POUGHKEEPSIE, NY – He is best known for his trademark cartoon style: sparsely drawn, neurotic characters against blank backgrounds, agonizing over news events and personal problems. But Jules Feiffer is also a renowned playwright, screenwriter, and author.
On Thursday, November 1 at 5:30 pm in the Vogelstein Center for Drama and Film’s Martel Theater, Feiffer will speak on “Humor and Truth: The Art of Serious Funny.” This event is free and open to the public.
Feiffer’s award-winning comic strip has been influencing and entertaining readers for decades. His internationally syndicated cartoon ran for 42 years in The Village Voice, weaving the social, political, and personal into a perceptive, challenging, often hilarious mix. Feiffer was awarded the Pulitzer Prize for editorial cartooning in 1986.
His sensibility permeates a wide range of creative work: from his Obie Award-winning play Little Murders (a prophetic vision of random urban violence), to his screenplay for Carnal Knowledge (a controversial examination of the sex wars), to his Oscar-winning anti-military short subject animation, Munro. Other works include: the plays Knock Knock (a Tony award nominee) and Grown-Ups (nominated for a Pulitzer Prize); the novels Harry the Rat with Women and Ackroyd; and the screenplays Popeye and I Want to Go Home, winner of the best screenplay award at the Venice Film Festival.
Two of his plays, Grown-Ups and Hold Me!, have been adapted for television. Feiffer himself has been the subject of many broadcast interviews and documentaries, including the PBS biography, Feiffer’s America.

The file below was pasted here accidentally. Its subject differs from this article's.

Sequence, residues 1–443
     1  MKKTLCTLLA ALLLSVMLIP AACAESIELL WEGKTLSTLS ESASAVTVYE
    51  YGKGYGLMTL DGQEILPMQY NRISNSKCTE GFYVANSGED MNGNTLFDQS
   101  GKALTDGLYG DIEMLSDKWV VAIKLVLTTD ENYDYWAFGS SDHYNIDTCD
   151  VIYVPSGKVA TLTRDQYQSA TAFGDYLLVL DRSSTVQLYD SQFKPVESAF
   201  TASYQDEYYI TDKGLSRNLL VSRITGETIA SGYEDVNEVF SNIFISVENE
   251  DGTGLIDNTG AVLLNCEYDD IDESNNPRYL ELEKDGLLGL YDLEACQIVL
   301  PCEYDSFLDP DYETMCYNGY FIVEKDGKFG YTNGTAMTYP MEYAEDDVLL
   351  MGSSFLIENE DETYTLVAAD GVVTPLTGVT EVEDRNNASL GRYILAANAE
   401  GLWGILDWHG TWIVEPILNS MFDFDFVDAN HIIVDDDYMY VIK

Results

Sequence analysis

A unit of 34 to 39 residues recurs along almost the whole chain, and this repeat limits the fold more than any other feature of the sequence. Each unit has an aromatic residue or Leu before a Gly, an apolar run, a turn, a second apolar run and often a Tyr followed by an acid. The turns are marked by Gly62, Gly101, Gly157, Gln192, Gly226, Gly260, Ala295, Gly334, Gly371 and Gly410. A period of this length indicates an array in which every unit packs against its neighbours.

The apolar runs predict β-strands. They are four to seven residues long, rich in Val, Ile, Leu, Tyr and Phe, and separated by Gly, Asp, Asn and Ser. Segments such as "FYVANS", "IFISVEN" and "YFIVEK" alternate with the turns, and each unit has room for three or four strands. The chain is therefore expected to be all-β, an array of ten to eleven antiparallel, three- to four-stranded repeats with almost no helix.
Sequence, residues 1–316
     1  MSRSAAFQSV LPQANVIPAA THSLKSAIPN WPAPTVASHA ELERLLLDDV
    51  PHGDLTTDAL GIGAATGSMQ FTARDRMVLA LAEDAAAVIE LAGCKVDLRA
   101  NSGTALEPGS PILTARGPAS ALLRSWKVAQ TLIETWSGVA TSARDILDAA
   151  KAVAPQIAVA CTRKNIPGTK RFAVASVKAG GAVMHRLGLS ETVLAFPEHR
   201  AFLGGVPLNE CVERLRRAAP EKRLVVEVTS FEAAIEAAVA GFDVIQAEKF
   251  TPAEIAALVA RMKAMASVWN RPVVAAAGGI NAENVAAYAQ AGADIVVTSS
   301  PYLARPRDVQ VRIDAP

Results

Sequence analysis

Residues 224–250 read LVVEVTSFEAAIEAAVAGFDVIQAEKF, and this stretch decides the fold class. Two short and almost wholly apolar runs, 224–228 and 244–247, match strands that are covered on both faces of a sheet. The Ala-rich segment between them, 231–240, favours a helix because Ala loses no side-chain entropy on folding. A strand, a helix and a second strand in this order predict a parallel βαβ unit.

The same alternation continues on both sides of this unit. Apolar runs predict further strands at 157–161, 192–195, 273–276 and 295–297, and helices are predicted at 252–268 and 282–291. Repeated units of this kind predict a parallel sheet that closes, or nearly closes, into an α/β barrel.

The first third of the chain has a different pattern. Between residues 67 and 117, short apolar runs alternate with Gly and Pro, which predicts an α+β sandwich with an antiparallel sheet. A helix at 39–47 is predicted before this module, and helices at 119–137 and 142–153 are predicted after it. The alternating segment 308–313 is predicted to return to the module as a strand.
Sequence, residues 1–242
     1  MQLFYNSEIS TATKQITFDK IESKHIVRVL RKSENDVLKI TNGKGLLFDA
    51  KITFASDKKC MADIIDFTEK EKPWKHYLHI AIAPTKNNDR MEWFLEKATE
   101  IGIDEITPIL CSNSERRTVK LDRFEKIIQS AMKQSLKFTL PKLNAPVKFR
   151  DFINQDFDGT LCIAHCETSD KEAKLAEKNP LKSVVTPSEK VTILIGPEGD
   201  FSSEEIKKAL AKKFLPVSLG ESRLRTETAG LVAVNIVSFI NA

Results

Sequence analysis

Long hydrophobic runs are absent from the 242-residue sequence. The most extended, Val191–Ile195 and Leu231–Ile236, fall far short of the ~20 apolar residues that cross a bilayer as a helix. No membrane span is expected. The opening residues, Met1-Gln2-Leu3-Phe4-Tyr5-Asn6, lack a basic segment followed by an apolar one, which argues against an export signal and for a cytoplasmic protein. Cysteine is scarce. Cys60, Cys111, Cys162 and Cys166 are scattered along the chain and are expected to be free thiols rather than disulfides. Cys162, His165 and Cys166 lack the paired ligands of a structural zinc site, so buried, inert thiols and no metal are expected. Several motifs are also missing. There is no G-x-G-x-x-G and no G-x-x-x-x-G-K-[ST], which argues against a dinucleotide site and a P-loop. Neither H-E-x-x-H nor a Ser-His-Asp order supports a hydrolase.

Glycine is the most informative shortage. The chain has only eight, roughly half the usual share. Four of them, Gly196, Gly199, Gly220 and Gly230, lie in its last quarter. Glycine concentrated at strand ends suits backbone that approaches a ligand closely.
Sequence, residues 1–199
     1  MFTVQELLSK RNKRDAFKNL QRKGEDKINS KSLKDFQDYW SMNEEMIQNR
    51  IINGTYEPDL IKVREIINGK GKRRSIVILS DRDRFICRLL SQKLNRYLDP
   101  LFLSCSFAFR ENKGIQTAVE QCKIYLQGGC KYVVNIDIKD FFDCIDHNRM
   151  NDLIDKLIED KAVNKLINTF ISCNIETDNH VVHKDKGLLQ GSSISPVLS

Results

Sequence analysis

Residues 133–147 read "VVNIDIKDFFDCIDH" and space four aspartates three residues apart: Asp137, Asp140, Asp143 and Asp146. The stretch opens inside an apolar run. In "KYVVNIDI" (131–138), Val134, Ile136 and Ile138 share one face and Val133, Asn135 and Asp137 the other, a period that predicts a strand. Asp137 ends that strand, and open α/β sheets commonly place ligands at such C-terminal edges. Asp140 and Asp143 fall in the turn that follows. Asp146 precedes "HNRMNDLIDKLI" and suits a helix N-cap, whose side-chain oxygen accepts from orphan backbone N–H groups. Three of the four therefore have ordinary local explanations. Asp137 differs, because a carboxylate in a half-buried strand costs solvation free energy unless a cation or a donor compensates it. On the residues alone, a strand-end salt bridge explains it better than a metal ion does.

Feiffer’s cartoons have been collected into 19 books, and have appeared in The New Yorker, Esquire, Playboy, and The Nation. He was commissioned by The New York Times to create its first op-ed page comic strip, which ran monthly until 2000, when Feiffer decided to start off the new millennium by giving up cartooning. In his mid-sixties, taking inspiration from his three daughters spanning three generations, he has reinvented himself as a children’s book author. His first book, The Man in the Ceiling, was selected by Publisher’s Weekly and the New York Public Library, as one of the year’s best children’s books. Two other award-winning books, Bark George, and I Lost My Bear, are being adapted into animated cartoons. Presently, Feiffer is at work creating a full-length animated feature for Sony Pictures.
He has been honored by exhibitions at the Library of Congress, to which he has donated many of his works, and by the New-York Historical Society with Julz Rulz, a major retrospective. His new play, A Bad Friend (2003), has been commissioned by Lincoln Center.
Feiffer is an adjunct professor at Southampton College on Long Island. Previously, he taught at the Yale School of Drama and Northwestern University. He has been a Senior Fellow at Columbia University’s National Arts Journalism Program. Feiffer is a member of the Dramatists Guild Council and has been elected to the American Academy of Arts and Letters.
Individuals with disabilities requiring accommodations at Vassar should contact the Office of Campus Activities at (845) 437-5370.
Vassar College is a highly selective, coeducational, independent, residential, liberal arts college founded in 1861.
Individuals with disabilities requiring accommodations or information on accessibility should contact Campus Activities, (845) 437–5370. Without sufficient notice, appropriate space and/or assistance may not be available.
Vassar College is a highly selective, coeducational, independent, residential liberal arts college founded in 1861.